Four West African nations get $311 million from World Bank for renewables
FREETOWN (Reuters) – The World Bank has signed an agreement with four West and Central African nations worth $311 million to fund renewable energy projects.
The funds will finance around 106 megawatts (MW) of solar power generation capacity with battery energy and storage systems, and 41 MW expansion of hydroelectric capacity.
The countries are Sierra Leone, Liberia, Togo and Chad. The funds will support electricity distribution and transmission interventions.
Sierra Leone President Julius Maada Bio, who presided over the signing ceremony on Wednesday, said the deal was the beginning of a revolution in energy supply and access in the respective countries.
West Africa and Central Africa has one of the lowest electrification rates coupled with some of the highest electricity costs in Sub-Saharan Africa. Energy costs have increased further because of the impacts of Russia’s February 2022 invasion of Ukraine as fuel prices rise.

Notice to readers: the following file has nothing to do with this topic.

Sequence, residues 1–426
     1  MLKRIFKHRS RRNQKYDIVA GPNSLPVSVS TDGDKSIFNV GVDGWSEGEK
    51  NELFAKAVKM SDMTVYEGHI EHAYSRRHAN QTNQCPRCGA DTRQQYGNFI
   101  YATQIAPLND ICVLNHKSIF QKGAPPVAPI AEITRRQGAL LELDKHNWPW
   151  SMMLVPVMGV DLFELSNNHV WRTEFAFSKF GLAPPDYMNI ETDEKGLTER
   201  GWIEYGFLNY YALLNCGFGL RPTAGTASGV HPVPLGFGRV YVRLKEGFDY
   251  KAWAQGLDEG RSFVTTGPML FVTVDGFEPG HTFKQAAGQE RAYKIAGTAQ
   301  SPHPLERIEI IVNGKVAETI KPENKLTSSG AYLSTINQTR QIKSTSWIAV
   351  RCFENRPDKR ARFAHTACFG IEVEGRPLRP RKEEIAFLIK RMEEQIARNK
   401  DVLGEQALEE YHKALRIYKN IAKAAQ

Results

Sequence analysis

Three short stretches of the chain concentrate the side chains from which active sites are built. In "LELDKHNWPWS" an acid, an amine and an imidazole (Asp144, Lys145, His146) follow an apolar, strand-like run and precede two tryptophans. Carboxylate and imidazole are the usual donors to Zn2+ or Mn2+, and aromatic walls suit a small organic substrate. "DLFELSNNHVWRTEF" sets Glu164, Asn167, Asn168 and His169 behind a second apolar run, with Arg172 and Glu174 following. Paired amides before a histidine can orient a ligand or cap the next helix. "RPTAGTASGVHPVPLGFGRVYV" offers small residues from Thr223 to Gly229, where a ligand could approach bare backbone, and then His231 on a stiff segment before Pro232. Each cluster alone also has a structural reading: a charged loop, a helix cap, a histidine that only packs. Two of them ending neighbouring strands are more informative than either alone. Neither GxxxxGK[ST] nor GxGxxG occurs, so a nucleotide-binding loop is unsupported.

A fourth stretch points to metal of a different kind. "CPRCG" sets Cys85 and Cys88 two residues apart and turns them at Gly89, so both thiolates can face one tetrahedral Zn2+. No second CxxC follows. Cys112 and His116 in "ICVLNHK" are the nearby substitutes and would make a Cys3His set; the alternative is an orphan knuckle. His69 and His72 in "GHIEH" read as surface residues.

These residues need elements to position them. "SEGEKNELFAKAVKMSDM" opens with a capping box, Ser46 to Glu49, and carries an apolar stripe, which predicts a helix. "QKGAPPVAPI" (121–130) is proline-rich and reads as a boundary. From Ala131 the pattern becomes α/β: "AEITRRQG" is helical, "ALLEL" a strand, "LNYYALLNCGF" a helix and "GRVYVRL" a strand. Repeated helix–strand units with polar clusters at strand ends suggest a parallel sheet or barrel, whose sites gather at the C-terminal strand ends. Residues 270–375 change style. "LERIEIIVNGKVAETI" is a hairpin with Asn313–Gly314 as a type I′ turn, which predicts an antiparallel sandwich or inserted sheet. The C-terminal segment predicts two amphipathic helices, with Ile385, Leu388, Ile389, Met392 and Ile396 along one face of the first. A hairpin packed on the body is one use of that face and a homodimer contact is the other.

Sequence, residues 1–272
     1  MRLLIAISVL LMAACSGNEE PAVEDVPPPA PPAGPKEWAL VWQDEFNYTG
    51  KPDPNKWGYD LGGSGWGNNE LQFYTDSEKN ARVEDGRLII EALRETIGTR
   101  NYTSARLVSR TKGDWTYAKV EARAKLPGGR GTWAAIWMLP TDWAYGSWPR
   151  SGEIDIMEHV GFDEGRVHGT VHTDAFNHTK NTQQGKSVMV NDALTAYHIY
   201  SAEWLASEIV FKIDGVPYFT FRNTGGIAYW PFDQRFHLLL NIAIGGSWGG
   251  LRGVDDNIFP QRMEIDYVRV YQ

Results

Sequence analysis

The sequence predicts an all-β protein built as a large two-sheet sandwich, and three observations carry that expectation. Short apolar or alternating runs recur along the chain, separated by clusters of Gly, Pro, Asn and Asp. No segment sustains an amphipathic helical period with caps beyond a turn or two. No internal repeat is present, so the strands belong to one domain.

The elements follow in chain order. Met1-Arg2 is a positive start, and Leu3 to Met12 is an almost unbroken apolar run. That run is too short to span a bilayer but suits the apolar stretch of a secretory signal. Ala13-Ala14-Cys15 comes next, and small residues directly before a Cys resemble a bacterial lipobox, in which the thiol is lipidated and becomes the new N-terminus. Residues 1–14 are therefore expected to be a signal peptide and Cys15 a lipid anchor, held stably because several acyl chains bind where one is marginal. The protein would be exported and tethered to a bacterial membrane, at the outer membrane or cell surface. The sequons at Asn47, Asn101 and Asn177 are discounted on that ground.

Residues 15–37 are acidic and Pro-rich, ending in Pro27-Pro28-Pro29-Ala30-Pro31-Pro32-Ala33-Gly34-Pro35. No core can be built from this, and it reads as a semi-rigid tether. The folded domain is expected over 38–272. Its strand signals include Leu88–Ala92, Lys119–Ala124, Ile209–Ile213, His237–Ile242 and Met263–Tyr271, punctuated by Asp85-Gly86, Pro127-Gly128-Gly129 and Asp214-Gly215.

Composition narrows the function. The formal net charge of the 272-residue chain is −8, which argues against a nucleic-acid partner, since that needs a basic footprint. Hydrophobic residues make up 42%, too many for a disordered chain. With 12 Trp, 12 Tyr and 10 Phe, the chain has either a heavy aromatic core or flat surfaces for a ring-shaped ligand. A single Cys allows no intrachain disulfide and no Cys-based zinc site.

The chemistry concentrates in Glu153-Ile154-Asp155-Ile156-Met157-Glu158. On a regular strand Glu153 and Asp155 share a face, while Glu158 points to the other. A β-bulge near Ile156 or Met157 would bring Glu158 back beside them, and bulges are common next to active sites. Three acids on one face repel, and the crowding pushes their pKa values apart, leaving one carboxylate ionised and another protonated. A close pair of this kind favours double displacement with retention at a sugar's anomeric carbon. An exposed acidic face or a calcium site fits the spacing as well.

“We are paying far more for energy now than we were 18 months ago. Very high and rising energy prices continue to have an adverse impact on other sectors of our economies,” Maada Bio said.
The West Africa Power Pool, a regional approach to improve electricity in the sub-region, will also receive some funds that approved in December under a new World Bank Regional Emergency Solar Power Intervention Project.
Boutheina Guermazi, World Bank Director for Regional Integration said the project was the first time four countries had been brought together for a regional energy approach.
“It is a continental approach to make sure that we reach universal access to clean affordable energy by 2030,” Guermazi said, adding that the project would be completed in four years.
(Reporting by Umaru Fofana; Editing by Bate Felix)